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Decoupling and Decomposition Analysis of Carbon Emissions from Industry: A Case Study from China

Author

Listed:
  • Qiang Wang

    () (School of Economic & Management, China University of Petroleum (Huadong), No. 66 West Changjiang Road, Qingdao 266580, China)

  • Rongrong Li

    () (School of Economic & Management, China University of Petroleum (Huadong), No. 66 West Changjiang Road, Qingdao 266580, China)

  • Rui Jiang

    () (School of Economic & Management, China University of Petroleum (Huadong), No. 66 West Changjiang Road, Qingdao 266580, China)

Abstract

China has overtaken the United States as the world’s largest producer of carbon dioxide, with industrial carbon emissions (ICE) accounting for approximately 65% of the country’s total emissions. Understanding the ICE decoupling patterns and factors influencing the decoupling status is a prerequisite for balancing economic growth and carbon emissions. This paper provides an overview of ICE based on decoupling elasticity and the Tapio decoupling model. Furthermore, the study identifies the factors contributing to ICE changes in China, using the Kaya identity and Log Mean Divisia Index (LMDI) techniques. Based on the effects and contributions of ICE, we close with a number of recommendations. The results revealed a significant upward trend of ICE during the study period 1994 to 2013, with a total amount of 11,147 million tons. Analyzing the decoupling relationship indicates that “weak decoupling” and “expansive decoupling” were the main states during the study period. The decomposition analysis showed that per capita wealth associated with industrial outputs and energy intensity are the main driving force of ICE, while energy intensity of industrial output and energy structure are major determinants for ICE reduction. The largest contributing cumulative effect to ICE is per capita wealth, at 1.23 in 2013. This factor is followed by energy intensity, with a contributing cumulative effect of −0.32. The cumulative effects of energy structure and population are relatively small, at 0.01 and 0.08, respectively.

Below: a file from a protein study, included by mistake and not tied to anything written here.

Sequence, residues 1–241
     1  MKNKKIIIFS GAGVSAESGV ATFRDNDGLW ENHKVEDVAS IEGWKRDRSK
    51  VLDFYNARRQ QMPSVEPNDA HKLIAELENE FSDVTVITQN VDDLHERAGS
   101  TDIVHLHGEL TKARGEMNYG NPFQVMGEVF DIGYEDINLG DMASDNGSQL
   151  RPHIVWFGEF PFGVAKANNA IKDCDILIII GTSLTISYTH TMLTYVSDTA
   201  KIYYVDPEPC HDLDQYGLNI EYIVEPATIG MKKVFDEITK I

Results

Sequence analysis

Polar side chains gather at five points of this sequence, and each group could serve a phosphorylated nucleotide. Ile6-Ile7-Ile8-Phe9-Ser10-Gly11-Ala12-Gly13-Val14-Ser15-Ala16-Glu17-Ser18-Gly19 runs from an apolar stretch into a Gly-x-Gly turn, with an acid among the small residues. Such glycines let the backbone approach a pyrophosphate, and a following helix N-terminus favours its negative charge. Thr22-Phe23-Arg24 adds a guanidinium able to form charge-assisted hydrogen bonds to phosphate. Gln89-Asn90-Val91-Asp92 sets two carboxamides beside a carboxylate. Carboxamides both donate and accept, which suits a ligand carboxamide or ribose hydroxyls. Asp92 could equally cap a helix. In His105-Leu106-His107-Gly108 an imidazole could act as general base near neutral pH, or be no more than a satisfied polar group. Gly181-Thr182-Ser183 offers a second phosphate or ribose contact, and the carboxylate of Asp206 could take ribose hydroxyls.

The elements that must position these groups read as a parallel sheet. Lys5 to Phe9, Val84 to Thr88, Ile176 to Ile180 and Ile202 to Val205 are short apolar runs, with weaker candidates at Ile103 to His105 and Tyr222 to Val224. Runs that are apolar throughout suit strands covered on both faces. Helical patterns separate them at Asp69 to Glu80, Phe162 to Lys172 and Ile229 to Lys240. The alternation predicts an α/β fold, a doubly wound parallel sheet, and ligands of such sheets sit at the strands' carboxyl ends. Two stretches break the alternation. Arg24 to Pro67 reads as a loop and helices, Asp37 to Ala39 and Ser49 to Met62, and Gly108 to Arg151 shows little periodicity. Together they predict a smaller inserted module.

Suggested Citation

  • Qiang Wang & Rongrong Li & Rui Jiang, 2016. "Decoupling and Decomposition Analysis of Carbon Emissions from Industry: A Case Study from China," Sustainability, MDPI, Open Access Journal, vol. 8(10), pages 1-17, October.
  • Handle: RePEc:gam:jsusta:v:8:y:2016:i:10:p:1059-:d:81002
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    More about this item

    Keywords

    industrial carbon emissions (ICE); decomposition analysis; decoupling analysis; LMDI (Log Mean Divisia Index);
    All these keywords.

    JEL classification:

    • Q - Agricultural and Natural Resource Economics; Environmental and Ecological Economics
    • Q0 - Agricultural and Natural Resource Economics; Environmental and Ecological Economics - - General
    • Q2 - Agricultural and Natural Resource Economics; Environmental and Ecological Economics - - Renewable Resources and Conservation
    • Q3 - Agricultural and Natural Resource Economics; Environmental and Ecological Economics - - Nonrenewable Resources and Conservation
    • Q5 - Agricultural and Natural Resource Economics; Environmental and Ecological Economics - - Environmental Economics
    • Q56 - Agricultural and Natural Resource Economics; Environmental and Ecological Economics - - Environmental Economics - - - Environment and Development; Environment and Trade; Sustainability; Environmental Accounts and Accounting; Environmental Equity; Population Growth
    • O13 - Economic Development, Innovation, Technological Change, and Growth - - Economic Development - - - Agriculture; Natural Resources; Environment; Other Primary Products

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